As the profits have increased, however, so has the involvement of organised crime.
"The biggest challenge is that in the last few years there has been a big shift from your ordinary poachers to your organized crime groups," said Ben Janse van Rensburg, head of enforcement for the Convention on International Trade in Endangered Species of Wild Fauna and Flora (CITES), the international treaty that governs trade in plants and animals.
"They are really, really well resourced and they have significant networks globally. You're dealing with serious trans-national organized crime," he told Reuters in a phone interview from his Swiss office.
This was on display in Congo last month, where investigators determined the poachers shot from the air because of the trajectory of the bullet wounds. Helicopters do not come cheaply and their use points to a high level of organization.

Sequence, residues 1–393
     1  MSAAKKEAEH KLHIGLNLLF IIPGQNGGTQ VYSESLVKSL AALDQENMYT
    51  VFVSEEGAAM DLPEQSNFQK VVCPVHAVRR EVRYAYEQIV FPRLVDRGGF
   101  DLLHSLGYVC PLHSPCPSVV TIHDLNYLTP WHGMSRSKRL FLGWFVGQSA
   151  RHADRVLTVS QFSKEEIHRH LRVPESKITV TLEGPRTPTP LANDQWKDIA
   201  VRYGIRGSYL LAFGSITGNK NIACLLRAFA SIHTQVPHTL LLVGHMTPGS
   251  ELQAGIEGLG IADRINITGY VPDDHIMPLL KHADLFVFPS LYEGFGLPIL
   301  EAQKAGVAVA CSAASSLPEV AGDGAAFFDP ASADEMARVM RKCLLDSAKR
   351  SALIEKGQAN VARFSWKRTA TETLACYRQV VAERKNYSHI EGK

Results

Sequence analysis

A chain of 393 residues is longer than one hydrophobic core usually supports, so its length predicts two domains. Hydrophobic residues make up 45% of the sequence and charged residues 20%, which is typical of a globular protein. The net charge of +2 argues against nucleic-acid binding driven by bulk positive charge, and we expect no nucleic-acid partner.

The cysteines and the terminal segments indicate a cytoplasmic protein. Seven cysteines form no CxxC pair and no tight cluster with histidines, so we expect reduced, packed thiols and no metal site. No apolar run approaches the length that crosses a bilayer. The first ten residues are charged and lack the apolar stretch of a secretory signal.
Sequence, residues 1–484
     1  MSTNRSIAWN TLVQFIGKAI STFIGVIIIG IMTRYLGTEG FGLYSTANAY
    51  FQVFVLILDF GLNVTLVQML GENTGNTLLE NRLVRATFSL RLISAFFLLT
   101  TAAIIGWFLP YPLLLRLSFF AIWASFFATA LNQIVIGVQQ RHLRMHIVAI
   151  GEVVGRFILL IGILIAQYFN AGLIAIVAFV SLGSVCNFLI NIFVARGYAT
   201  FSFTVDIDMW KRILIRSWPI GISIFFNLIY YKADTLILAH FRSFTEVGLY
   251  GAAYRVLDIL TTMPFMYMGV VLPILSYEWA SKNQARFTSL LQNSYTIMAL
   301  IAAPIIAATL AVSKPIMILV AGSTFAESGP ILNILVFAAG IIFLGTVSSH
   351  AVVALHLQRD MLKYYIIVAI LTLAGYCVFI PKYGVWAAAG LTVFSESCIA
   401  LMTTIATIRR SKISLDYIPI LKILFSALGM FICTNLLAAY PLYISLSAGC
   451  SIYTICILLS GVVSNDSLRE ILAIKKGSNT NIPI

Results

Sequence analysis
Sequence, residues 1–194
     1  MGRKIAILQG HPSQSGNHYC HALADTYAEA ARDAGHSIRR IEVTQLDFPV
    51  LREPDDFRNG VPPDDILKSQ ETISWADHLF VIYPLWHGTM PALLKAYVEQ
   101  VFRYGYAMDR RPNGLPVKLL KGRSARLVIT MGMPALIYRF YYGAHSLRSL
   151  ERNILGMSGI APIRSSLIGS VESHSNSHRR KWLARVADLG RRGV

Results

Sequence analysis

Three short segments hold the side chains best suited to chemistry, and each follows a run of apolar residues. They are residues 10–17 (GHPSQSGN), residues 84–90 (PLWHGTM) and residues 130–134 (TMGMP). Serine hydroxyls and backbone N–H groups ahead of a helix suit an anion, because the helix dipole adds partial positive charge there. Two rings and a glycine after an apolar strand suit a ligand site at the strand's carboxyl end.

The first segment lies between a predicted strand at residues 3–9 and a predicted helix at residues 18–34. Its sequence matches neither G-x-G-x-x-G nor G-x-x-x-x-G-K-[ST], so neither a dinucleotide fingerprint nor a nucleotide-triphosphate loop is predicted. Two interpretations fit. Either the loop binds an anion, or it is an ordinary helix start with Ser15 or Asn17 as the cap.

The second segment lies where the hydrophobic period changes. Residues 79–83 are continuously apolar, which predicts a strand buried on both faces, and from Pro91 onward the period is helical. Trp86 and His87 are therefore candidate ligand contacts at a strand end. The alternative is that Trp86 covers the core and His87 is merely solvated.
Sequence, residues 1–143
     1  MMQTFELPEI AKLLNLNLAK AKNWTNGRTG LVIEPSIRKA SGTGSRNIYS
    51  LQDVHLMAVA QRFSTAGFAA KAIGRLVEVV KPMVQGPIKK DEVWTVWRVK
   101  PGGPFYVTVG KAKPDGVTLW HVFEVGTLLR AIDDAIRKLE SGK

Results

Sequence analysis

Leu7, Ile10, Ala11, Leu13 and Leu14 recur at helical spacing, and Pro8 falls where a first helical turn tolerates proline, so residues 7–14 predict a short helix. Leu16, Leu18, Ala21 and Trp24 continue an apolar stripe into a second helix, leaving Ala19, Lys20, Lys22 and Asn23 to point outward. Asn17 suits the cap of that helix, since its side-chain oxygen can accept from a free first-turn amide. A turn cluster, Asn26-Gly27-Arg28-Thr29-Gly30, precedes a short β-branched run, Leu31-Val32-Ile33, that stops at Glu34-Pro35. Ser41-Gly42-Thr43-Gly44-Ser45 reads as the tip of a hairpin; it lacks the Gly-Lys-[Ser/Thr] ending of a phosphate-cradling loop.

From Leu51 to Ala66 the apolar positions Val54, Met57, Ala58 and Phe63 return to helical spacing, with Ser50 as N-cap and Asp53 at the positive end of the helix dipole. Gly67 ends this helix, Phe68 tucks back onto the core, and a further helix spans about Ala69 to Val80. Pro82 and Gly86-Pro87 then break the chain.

Ken Maggs, the head of the environmental crimes investigation unit for South African National Parks, said one person recently arrested for trade in rhino horn had 5.1 million rand in cash in the boot of his car.
South Africa is the epicentre of rhino poaching because it hosts virtually the entire population of white rhino - 18,800 head or 93 percent - and about 40 percent of Africa's much rarer black rhino.
As of the middle of April, 181 rhinos had been killed in South Africa in 2012, according to official government data. At this rate, more than 600 will be lost to poachers this year compared with 448 in 2011. A decade ago only a handful were being taken.
Trade in rhino horn is strictly prohibited while that for ivory is mostly illegal, although CITES allows worked ivory to be sold in Zimbabwe and Namibia. In 2008 CITES also allowed South Africa, Namibia, Botswana and Zimbabwe to hold one-off auctions of ivory stockpiles.
Despite the laws, it is not hard to find ivory in the craft markets of Kinshasa, where traders sell everything from carved wooden animals to live parrots in ramshackle stalls.
In one area of the city centre known as "the Market of Thieves", it was possible to buy both "raw" and "worked" ivory, with raw ivory costing $300 per kilo, a trader said.